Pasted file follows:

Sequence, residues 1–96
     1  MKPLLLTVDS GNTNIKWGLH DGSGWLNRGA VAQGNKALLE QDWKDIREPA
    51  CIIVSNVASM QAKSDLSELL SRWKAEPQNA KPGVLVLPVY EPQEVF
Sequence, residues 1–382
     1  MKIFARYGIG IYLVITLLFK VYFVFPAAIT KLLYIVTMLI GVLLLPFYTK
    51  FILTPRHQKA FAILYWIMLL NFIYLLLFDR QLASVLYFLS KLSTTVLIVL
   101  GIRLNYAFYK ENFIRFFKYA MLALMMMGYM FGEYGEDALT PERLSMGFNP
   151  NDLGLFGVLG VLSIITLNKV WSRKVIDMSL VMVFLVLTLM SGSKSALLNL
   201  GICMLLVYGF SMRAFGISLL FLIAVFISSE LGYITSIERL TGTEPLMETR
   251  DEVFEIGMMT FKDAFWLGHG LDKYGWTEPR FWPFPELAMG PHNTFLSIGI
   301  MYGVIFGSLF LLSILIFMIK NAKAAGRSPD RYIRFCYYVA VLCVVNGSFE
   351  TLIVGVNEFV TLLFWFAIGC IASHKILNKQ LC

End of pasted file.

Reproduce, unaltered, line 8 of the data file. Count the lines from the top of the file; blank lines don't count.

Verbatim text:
   151  NDLGLFGVLG VLSIITLNKV WSRKVIDMSL VMVFLVLTLM SGSKSALLNL